Each profile also comes with a separate listing of the one thing Neotech likes the most, numbers. We get detailed rundowns of how much the company is worth, their assets, how much their stocks are worth and so on.
Also all of the logos are incredibly uninspired and looks like something whipped up in photoshop in 10 minutes.

We get a whole page of various smaller corporations sorted under various areas like Cybertech (Bruce!), Software (Microsoft still exists), Sports & Leisure (Toys ‘R’ us) or Military (California Weapon Systems).
Once again there is just a bunch of corporations from today that are listed. Coca-Cola still exists in 2059. Boeing-McDonnell-Douglas as well, for some reason it’s also spelled like that despite it just going over to just Boeing when they merged in 1997. Even if there is a later mention further down that lists them as separate ones. Also yes, IKEA is still around. There are some semi interesting merges like Daimler-Chrysler and Toyota-Lexus, but otherwise things have stayed mostly the same.

There are 12 specific mega corporations listed in the book. Another disappointing thing is that, unlike in Shadowrun, neither of these have any listed mottos or anything. It’s just dense flavourless blocks of information.

Chemcorp or Chemical Industries Corp main field is Chemical Engineering and their rise to power has been marked with plenty of enmity due to them brute forcing their way upwards. There are persistent accusations that they conduct inhuman experiments on people. That’s true of course. Thousands of people die from various experiments of their research base on Madagascar each year. Then there is also the CHEmcorp Research and DEvelopment CENTer or CHERDCENT facility located in the vicinity of St Nazarene in an area that became radioactive after a breeder reactor had a meltdown in 2009. What is going on there no one has any clues about. Their only big brand is Choo™, or CHOOH2, which apparently is the propellant that is competing against gasoline in the third world.
Chemcorp also has their own security force called ChemCorp MERC International, or CMI, that guard all of their facilities.
Their security status is very high on all accounts.

So they’re your average evil corporation that does evil experiments for unknown but obviously evil purposes. I should be annoyed by the fact it just casual drops one of those “poo poo happened here” mentions but at least it explains what actually happened this time around. Then again they’re not interestingly evil like Aztech in Shadowrun. They just do various experiments for no real reason given.

Gas Europa is a petroleum company that refines and produces electricity, gasoline and other fossil fuels as well as hydrogen for the European and Asian markets. They’re allied with Hydro against all other petrol companies and their main competitor is Arabic Petroleum and they openly feud against each other. But their biggest enemy is most likely Greenstrife and ever since Gas Europa bought Greenpeace the two have been bitter enemies. They also have their own security force called GasEuSec that is meant to prevent terrorist attacks against them. But also keeping a close eye on Greenstrife, and regular battles between the two groups are not uncommon. Otherwise it’s heavily armed security guards that deal with site protection.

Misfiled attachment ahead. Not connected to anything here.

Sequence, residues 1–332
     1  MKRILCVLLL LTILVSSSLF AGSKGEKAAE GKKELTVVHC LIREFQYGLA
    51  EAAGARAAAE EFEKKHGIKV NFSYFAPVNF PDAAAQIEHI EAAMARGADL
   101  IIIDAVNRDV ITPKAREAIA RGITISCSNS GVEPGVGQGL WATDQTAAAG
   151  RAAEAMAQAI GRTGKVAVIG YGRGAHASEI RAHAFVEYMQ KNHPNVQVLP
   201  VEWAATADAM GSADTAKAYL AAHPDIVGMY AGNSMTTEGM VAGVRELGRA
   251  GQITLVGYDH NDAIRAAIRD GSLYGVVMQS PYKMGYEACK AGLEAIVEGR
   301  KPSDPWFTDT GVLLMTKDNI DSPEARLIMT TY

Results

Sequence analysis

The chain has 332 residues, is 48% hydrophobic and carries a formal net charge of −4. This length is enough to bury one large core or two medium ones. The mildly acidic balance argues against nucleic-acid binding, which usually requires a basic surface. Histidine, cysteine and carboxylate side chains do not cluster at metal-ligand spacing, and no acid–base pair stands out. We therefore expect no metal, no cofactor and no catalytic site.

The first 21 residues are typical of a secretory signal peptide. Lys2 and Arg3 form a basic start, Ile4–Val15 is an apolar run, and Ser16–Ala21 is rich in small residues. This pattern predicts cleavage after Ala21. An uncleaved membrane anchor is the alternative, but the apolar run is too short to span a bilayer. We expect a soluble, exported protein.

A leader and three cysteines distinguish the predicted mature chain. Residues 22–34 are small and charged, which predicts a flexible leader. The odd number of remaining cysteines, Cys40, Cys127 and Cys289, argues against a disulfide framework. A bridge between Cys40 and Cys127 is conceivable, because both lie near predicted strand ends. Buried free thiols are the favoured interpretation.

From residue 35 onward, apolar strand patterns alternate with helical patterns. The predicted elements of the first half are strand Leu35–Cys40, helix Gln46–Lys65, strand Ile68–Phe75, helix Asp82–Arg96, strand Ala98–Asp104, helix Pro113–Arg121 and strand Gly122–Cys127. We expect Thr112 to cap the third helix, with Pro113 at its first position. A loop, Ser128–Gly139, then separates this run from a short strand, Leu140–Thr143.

GenCorp deals in Biotechnology. They were the first in 2010 to present the first fully cloned human, which catapulted them upwards and nowadays they deal in cloning both animals and people. Their main source of income is genetically manipulated cattle and plats. As well as people who can’t get children or want a cloned one. Otherwise they’re a rather secluded company who refuse to work in cooperation with other companies in the same field and their CEO is constantly rumoured to be in the works to stage some sort of coup to buy up parts of their competitors. They’re rumored to be conducting secret experiments about creating superhumans in one of their space based research stations. Their latest creation is the lovable Wuppie™, which is a small furred animal that has been created artificially. It’s cheap to make but the real income comes from the specially modified food it needs to eat.
Their security status is very high on the computer department while high in the physical security. Only other thing to mention is that their main office in Zürich has been designed to look like a DNA string.

So much for that mention about the dangers of gene manipulation from the preface if someone could clone people and make a living of manipulating cattle and plants without any consequences. Nice to see there is at least a hook here but good luck trying to do anything about it since its set in space and highly guarded.